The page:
One other thing about PL/I: it was somewhat infamous in its heyday as being cumbersome and overly complex, but compared to Java and mid-nineties C++ it was quite small. Anything you might read about PL/I being obnoxious or baroque is propaganda written by people with access to, at best, a few hundred kilowords of core, i.e., less than a megabyte of RAM. You might not want to use it for embedded programming these days, but the most important implementation, Multics EPL, was a systems-oriented subset that didn't include all of the language's features.

Anyway. I assume this was brought up because I casually made mention about tinkering with Octavia. To be honest, programming a basic language interpreter isn't really that hard, though it does require some creative problem-solving if you've never taken a course on it. Clean tokenization was something that took me a few tries to understand properly; the first few designs I wrote in high school were based on string prefix-matching, which invariably led to problems when function notation and infix operators were combined. Even Octavia's implementation of tokenization, which was written all the way back in 2009 when I was still a first-year undergrad, had some deficiencies in this regard for the longest time—it would occasionally do bizarre things like abort parsing because of unmatched parentheses inside string literals. I haven't actually coded a language from scratch since that time (Sappho's p3 interpreter was written around the same timeframe, in an even worse language) so I'm somewhat looking forward to doing a new implementation, especially one with less of a post-hoc attitude toward functions and objects.

Programming language theory and linguistics have a lot in common, but unfortunately enthusiasts of both are scarce. PLT does a lot of work with formalizing concepts of a statement's context that are potentially a gold mine for conlanging, especially philosophical languages. As far as I know Lojban and Ithkuil never approached these subjects and have mostly concentrated on providing the tools that their respective authors felt they needed to describe their own thoughts—by far my favourite is that Lojban wasted a three-phoneme word (which is prime real estate from a Huffman coding perspective) on a connective that indicates the Cartesian product (every pairwise combination of elements from sets X and Y), which I sincerely doubt anyone has ever used or will ever use.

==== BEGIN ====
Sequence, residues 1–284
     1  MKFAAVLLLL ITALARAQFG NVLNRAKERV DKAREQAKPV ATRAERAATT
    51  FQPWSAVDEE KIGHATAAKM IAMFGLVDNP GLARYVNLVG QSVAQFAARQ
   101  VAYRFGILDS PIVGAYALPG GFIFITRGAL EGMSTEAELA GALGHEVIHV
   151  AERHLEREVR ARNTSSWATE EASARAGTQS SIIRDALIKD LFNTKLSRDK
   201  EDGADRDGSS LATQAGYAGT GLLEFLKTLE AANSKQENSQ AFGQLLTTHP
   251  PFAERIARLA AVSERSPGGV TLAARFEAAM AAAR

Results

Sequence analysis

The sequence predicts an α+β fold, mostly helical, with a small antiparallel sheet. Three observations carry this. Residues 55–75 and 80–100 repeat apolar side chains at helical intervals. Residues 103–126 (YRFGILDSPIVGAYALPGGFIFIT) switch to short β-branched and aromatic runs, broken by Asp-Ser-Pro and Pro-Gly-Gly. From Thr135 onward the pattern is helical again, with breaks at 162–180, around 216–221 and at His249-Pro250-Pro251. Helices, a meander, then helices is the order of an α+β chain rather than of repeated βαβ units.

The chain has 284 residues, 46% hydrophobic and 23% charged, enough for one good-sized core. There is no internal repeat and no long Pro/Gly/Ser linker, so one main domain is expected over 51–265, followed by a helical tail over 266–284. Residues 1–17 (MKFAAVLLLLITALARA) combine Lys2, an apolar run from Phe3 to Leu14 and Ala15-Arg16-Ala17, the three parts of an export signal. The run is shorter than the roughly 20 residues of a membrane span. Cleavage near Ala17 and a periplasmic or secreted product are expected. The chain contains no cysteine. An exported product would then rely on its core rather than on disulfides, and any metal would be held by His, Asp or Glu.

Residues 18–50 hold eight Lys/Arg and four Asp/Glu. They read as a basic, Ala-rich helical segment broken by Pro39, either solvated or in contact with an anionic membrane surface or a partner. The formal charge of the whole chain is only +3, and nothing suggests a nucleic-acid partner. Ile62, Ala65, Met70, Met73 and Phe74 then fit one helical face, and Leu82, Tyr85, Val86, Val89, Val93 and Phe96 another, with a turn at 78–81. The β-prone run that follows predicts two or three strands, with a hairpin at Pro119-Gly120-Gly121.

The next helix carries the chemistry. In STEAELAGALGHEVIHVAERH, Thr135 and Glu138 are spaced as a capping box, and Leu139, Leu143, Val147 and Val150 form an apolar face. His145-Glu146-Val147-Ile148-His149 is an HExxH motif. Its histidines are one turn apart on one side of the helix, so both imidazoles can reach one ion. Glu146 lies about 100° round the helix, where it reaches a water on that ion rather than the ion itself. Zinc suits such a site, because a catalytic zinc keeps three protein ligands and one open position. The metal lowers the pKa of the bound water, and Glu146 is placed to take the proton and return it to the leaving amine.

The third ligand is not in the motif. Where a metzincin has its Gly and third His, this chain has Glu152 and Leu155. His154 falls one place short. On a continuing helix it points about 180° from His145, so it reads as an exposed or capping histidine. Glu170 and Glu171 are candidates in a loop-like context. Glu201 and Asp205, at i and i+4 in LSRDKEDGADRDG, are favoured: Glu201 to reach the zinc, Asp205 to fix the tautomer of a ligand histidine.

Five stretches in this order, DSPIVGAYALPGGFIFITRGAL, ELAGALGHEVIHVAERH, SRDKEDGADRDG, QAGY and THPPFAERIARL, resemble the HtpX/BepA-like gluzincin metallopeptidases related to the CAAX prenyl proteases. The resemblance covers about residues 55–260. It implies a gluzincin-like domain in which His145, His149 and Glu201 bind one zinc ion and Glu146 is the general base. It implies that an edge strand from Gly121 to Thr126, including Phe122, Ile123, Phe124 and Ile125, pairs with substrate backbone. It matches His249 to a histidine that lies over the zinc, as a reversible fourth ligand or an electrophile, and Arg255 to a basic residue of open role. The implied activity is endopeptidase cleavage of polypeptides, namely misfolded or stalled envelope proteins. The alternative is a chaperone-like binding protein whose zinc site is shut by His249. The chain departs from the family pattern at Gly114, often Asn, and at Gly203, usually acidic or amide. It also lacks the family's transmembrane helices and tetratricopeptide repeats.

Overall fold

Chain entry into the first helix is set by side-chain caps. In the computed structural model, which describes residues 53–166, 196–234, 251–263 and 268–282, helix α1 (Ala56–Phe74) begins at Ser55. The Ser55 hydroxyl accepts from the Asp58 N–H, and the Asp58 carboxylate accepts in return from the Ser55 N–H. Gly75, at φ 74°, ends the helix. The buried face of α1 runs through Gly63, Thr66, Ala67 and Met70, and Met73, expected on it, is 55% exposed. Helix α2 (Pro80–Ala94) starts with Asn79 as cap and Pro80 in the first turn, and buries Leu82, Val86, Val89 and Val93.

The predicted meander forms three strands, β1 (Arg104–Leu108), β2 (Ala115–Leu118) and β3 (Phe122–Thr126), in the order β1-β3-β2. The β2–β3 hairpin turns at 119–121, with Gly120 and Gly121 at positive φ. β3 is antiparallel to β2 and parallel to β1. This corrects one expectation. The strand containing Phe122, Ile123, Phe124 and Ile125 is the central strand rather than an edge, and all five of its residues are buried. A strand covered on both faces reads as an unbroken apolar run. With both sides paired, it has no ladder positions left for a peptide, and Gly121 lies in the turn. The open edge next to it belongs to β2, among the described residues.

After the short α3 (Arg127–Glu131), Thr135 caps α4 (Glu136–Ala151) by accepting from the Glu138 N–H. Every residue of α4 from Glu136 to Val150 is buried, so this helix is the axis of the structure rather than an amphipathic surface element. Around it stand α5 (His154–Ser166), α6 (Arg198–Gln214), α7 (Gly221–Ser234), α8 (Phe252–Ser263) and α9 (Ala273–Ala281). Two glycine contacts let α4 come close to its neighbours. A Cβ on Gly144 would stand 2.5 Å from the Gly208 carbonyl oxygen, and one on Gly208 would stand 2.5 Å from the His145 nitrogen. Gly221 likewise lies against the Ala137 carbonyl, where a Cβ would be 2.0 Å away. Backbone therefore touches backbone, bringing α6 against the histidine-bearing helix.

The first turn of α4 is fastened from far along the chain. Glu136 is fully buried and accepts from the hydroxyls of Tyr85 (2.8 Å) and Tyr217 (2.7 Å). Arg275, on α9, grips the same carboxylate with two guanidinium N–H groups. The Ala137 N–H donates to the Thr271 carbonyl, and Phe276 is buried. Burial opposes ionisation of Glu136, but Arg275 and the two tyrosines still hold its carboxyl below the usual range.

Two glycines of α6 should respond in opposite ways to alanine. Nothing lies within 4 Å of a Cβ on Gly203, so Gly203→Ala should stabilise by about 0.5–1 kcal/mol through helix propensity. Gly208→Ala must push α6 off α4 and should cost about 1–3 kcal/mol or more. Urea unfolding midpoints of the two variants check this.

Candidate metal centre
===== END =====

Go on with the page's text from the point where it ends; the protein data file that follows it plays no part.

So... yeah. Look forward to that. I'll try to make it interesting without making it too hard to convert Octavia code.
? Rhetorica Your Writing System Sucks
posts: 1274
, Kelatetía: Dis, Major Belt 1
And now, a monologue about site performance and what I'm going to do about it.

Truth be told, the current software stack behind Annie is never going to be blazing fast. All of its features come at a cost to performance. The single worst culprit of this is a conflict between programming paradigms: Cadre's page template philosophy encourages encapsulation (routing all activity through smaller pieces of code to keep it cleanly isolated) but this results in a lot of individual SQL queries (which might otherwise be grouped into one single query.) The forums and the languages page both have this problem, although I've done some work to mitigate it on the forums. (The site's front page is laggy because it counts unread forum posts; by contrast, it's very fast if you're not logged in, as are the forums more generally.)

I haven't mentioned this much, but the truth is that Cadre wasn't really designed as a production-grade platform for websites. Way, way back in 2009, when the project was new, my goal was to build a coding sandbox for prototyping new social platforms—alternatives to wikis, forums, Facebook, et cetera—so performance was never a top priority; instead, I was concerned with making it possible for users to program new site functionality through the website itself while respecting file-system-like access permissions so they couldn't damage the content made by others. This was a pretty unexplored piece of territory at the time, and I think Cadre's still better at it than, say, MediaWiki.

For a while I was looking at translating the Cadre software stack into C++, as it was the language I worked in the most while I was in grad school. These days most of my work is actually in JavaScript, for better or worse, and I've decided to do this with node.js instead. As I despise omnibus frameworks and libraries this might even be passably performant, and I'll get a lot of web-relevant functionality for little or no effort (HTTP handling, Unicode, multithreading) which would be a lot more granular to put together in C++. So, consider this notice that I'm starting work on this new project. It will still have an Octavia-like hosted language, but I may rethink some of its syntax choices.

Your Writing System Sucks
last seen: 10 hours ago
posts: 1274

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Creator of Lilitika and co-creator of Thet.

I started this site in late 2013 to give the conlanging and conworlding community a specially-tailored way to showcase projects. I don't do quite as much administrating any more, and sometimes I can be scarce because I have so many other big responsibilities, but I try to maintain and improve things whenever I can.

See my profile page elsewhere for more information about me.